Thread: ok you all win what is best opteron (I dont want a hosed system again)

From:
"Joel Fradkin"
Date:

We are up and somewhat happy.

 

I have been following threads (in case you don’t know I bought a 4 proc Dell recently) and the Opteron seems the way to go.

I just called HP for a quote, but don’t want to make any mistakes.

 

Is the battery backed cache good or bad for Postgres?

 

They are telling me I can only get a duel channel card if I want hardware raid 10 on the 14 drives.

I can get two cards but it has to be 7 and 7 (software raid?) which does not sound like it fixes my single point of failure (one of the listers mentioned my current system has 3 such single points).

 

Any of you hardware gurus spell out the optimal machine (I am hoping to be around 15K, might be able to go more if it’s a huge difference, I spent 30k on the Dell).

I do not have to go HP, and after seeing the fail ratio from Monarch from one lister I am bit scared shopping there.

Was there a conclusion on where is best to get one (I really want two one for development too).

 

 

Joel Fradkin

 

Wazagua, Inc.
2520 Trailmate Dr
Sarasota, Florida 34243
Tel.  941-753-7111 ext 305

 


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From:
"Merlin Moncure"
Date:

Joel wrote:
I have been following threads (in case you don't know I bought a 4 proc
Dell recently) and the Opteron seems the way to go.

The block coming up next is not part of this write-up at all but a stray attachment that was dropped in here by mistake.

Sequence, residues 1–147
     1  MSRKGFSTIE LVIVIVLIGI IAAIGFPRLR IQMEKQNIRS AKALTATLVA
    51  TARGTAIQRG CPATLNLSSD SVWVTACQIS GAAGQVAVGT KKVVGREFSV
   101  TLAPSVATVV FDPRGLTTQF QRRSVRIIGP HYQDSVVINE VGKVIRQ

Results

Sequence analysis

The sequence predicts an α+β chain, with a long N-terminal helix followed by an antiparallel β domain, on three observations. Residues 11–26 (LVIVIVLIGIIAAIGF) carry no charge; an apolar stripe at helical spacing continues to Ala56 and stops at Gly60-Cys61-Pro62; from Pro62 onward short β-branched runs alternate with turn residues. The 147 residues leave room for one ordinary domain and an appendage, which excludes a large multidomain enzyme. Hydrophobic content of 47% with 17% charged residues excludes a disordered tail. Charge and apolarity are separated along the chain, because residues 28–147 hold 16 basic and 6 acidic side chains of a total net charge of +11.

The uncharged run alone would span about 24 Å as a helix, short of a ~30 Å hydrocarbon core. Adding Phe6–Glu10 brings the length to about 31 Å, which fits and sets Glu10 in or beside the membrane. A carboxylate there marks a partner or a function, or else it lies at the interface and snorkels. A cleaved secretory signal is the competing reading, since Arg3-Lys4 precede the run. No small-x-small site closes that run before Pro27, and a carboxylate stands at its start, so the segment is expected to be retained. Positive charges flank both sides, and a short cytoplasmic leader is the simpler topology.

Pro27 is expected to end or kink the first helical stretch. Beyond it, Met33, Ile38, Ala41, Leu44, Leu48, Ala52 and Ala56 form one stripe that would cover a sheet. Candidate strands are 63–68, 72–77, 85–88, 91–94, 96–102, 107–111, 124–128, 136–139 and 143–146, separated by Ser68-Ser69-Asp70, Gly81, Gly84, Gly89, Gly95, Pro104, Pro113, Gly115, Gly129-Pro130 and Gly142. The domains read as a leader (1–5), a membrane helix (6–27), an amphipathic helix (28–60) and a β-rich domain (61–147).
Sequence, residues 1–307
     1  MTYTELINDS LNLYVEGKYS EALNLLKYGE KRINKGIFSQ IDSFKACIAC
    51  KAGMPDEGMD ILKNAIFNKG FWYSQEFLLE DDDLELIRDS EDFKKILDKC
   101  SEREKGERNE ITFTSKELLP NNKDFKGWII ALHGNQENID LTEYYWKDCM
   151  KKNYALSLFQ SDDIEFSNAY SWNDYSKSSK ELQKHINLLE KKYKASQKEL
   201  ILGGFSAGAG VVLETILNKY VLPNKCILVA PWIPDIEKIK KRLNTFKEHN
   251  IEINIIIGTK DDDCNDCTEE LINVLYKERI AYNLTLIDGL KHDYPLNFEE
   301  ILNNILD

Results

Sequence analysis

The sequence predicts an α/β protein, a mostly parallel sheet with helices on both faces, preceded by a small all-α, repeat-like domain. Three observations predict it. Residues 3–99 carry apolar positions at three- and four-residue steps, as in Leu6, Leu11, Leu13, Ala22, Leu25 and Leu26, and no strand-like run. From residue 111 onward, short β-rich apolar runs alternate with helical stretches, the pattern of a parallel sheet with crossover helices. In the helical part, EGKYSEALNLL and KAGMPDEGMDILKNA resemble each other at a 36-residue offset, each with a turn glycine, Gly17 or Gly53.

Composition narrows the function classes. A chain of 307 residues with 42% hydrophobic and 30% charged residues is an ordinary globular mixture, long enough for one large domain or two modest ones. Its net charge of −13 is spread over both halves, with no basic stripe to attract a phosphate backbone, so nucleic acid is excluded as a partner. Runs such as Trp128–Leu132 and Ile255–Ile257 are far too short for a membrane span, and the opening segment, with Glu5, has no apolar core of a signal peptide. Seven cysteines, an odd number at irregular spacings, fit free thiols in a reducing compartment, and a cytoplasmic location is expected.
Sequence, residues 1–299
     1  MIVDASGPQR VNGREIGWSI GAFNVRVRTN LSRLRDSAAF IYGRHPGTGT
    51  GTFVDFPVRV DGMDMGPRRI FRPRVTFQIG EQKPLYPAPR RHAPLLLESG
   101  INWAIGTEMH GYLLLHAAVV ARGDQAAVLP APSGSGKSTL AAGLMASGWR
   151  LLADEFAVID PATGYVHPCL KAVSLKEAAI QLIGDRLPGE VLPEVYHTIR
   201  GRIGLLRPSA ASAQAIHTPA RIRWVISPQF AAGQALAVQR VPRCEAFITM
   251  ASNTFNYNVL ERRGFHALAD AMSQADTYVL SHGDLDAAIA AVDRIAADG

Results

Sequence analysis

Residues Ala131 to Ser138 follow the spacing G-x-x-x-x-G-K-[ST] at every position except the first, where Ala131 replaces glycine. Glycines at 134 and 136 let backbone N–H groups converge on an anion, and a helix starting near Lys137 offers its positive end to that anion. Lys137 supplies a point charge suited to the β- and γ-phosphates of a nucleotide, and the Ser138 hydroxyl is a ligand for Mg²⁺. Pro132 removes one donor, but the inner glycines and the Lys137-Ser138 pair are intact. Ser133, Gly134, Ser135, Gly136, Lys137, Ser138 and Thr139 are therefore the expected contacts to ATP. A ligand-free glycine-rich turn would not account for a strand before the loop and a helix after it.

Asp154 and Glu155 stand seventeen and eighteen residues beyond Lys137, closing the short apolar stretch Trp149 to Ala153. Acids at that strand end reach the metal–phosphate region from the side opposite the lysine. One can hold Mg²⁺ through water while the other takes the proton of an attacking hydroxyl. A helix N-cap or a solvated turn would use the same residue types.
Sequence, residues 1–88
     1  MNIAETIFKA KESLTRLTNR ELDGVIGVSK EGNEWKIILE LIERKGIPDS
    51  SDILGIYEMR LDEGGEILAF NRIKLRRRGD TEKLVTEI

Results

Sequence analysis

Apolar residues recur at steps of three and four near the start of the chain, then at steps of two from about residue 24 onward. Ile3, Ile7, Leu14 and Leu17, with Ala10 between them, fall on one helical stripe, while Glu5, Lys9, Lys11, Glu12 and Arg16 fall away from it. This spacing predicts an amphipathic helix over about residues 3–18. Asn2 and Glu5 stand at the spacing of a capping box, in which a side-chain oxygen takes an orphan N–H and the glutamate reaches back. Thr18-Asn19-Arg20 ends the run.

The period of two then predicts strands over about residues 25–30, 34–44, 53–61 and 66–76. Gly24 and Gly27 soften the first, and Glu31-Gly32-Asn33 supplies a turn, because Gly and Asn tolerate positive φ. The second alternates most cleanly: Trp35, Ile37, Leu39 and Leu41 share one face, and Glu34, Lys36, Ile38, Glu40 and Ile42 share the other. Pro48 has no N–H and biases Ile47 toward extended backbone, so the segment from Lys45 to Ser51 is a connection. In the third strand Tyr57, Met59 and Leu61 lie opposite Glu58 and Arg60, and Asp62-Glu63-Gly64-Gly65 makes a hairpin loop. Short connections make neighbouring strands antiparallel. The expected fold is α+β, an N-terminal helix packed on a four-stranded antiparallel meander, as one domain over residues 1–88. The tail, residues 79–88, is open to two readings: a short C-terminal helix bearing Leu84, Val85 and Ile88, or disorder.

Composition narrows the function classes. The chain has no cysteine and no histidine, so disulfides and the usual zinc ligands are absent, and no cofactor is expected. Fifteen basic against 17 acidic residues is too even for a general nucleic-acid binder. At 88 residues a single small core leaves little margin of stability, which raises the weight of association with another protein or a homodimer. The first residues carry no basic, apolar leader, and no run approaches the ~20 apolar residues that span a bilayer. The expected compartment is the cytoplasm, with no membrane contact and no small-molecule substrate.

I just called HP for a quote, but don't want to make any mistakes.
[snip]

At your level of play it's the DL585.
Have you checked out http://www.swt.com?

Merlin

From:
David Brown
Date:

Joel Fradkin wrote:

> Is the battery backed cache good or bad for Postgres?
>
Battery-backed avoids corruption if you have an unexpected power loss.
It's considered mandatory with large-cache write-back controllers if you
can't afford to lose any data.

> They are telling me I can only get a duel channel card if I want
> hardware raid 10 on the 14 drives.
>
> I can get two cards but it has to be 7 and 7 (software raid?) which
> does not sound like it fixes my single point of failure (one of the
> listers mentioned my current system has 3 such single points).
>
Sounds like you need to try another vendor. Are you aiming for two RAID
10 arrays or one RAID 10 and one RAID 5?

> Any of you hardware gurus spell out the optimal machine (I am hoping
> to be around 15K, might be able to go more if it’s a huge difference,
> I spent 30k on the Dell).
>
> I do not have to go HP, and after seeing the fail ratio from Monarch
> from one lister I am bit scared shopping there.
>
There's unlikely to be many common components between their workstation
and server offerings. You would expect case, power, graphics,
motherboard, storage controller and drives to all be different. But I'd
challenge that 50% failure stat anyway. Which components exactly? Hard
drives? Power supplies?

> Was there a conclusion on where is best to get one (I really want two
> one for development too).
>
Almost anyone can build a workstation or tower server, and almost anyone
else can service it for you. It gets trickier when you're talking 2U and
especially 1U. But really, these too can be maintained by anyone
competent. So I wonder about some people's obsession with
vendor-provided service.

Realistically, most Opteron solutions will use a Tyan motherboard (no
idea if this includes HP). For 4-way systems, there's currently only the
S4882, which includes an LSI dual channel SCSI controller. Different